On September 19,  the Judicial Board (J-Board) released its annual report for the 2013-2014 academic year. The J-Board heard 15 cases from last year, as well as one additional case left over from the 2012-2013 academic year. Of the 16 total cases, nine involved allegations of Academic Honor Code violations and seven involved allegations of Social Code violations.

According to J-Board advisor and Assistant Dean of Student Affairs Lesley Levy, there have typically been 10 to 15 cases each year. However, last year’s number of cases marks an increase from the seven cases heard in 2012-2013. 

“I think [the number of cases] was higher than the year before, but relatively, it was [on par with previous years],” Dean of Students Affairs Tim Foster said. “I certainly can remember years where the board was a good bit busier than it was this past year.”

The J-Board, which consists of faculty members and students, is split into two bodies that handle different types of cases. The board that hears cases regarding the Academic Honor Code consists of three students and two faculty members. The board that hears cases regarding the Social Code consists of five students.

Regardless of which code is allegedly violated, the professor or community member who believes that a code has been breached first discusses the case with the Office of the Dean of Student Affairs. If that person chooses to bring the case before the board, the board members must decide whether the student is responsible for a violation. If the board decides that a student has violated one of the codes, its decision is final.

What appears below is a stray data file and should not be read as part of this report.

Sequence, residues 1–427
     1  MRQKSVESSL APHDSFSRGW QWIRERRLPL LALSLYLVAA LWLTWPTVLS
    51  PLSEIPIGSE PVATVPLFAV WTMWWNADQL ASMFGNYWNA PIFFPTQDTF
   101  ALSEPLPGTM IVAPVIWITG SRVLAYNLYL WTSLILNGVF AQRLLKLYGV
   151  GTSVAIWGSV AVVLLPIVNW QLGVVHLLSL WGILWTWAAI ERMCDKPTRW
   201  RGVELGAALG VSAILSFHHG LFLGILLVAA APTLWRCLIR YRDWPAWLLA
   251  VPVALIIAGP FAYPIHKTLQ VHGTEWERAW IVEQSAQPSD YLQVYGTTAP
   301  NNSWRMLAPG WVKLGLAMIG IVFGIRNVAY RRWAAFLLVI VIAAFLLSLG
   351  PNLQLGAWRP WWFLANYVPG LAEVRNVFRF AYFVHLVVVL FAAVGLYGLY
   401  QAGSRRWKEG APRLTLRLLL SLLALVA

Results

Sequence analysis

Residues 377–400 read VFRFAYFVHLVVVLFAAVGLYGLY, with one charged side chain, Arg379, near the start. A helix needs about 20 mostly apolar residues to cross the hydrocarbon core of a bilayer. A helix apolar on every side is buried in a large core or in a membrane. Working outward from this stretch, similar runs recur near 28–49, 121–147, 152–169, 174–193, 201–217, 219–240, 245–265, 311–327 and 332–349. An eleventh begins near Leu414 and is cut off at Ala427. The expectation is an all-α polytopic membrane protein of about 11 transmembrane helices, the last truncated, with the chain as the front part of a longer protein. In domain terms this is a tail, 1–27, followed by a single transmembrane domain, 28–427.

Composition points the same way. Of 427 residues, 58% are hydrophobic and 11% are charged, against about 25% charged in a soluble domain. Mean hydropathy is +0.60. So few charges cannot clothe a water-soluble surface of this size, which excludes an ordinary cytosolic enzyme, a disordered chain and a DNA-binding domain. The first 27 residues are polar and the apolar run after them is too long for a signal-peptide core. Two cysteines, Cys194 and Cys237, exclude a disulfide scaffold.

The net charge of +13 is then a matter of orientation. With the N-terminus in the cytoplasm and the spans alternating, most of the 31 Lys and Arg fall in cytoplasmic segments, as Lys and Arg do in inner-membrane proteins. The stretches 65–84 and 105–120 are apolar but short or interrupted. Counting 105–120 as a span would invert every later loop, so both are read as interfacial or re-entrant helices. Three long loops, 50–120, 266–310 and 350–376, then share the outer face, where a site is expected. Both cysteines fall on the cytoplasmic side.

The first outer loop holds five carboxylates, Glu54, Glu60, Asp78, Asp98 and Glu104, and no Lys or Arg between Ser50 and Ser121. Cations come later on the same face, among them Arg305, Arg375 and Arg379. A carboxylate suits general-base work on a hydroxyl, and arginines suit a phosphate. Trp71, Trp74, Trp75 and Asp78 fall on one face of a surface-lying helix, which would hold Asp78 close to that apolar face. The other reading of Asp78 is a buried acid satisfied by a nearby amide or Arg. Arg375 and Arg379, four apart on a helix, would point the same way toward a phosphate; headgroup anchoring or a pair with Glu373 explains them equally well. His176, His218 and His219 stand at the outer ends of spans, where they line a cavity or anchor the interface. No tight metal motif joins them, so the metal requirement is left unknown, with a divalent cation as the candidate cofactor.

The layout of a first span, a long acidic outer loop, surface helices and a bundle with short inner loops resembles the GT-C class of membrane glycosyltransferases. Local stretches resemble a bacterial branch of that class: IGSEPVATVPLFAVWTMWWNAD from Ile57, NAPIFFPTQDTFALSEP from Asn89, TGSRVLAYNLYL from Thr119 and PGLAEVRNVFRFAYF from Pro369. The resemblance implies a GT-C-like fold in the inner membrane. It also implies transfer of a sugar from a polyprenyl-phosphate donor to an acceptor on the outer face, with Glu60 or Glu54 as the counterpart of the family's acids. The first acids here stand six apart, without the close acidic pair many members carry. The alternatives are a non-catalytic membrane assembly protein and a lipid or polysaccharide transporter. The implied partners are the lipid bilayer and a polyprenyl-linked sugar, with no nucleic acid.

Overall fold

Typically, the board looks at past cases in order to decide whether an infraction has occurred. 

“We acknowledge that each case is unique and there are specific details that change the nature of each case, but we really do rely heavily on precedent and try to stay consistent with our sanctions over time,” said J-Board Chair Jacques Larochelle ’15. 

If the board decides that a student is guilty of a violation, it will then discuss consequences and sanctions. These sanctions are recommended to Foster, or his designee, who can either approve  or change them. 
Foster said he hopes that students read the report and understand how much time and effort is put into the J-Board’s decision making.

“I hope that the report provides a level of transparency, while still protecting the anonymity of those students who were involved,” said Foster. “It’s important that their confidentiality is maintained but that we share information so that members of our community—students and faculty and staff—understand the standards that we hold as a community and how those are upheld.” 

The J-Board publishes its annual reports with the hope that familiarity with the information contained in the document will lead to a decrease in the number of cases it hears each year. 

“[The purpose is] to educate and increase awareness of our community standards,” Levy said. “It’s really important for students to know what the standards are and what the ramifications are for violating the standards.”
The J-Board meets with first-year floors during Orientation to discuss the Academic Honor Code and the Social Code and to familiarize first years with the standards set by the College.

Larochelle believes that it is equally important for upperclassmen to reread the codes each year.

“Take time to actually read through the code at the beginning of the year to remind yourself of all the components of it, so you have a complete understanding of what it entails and how to follow it properly,” he said.

Meg Robbins contributed to this report.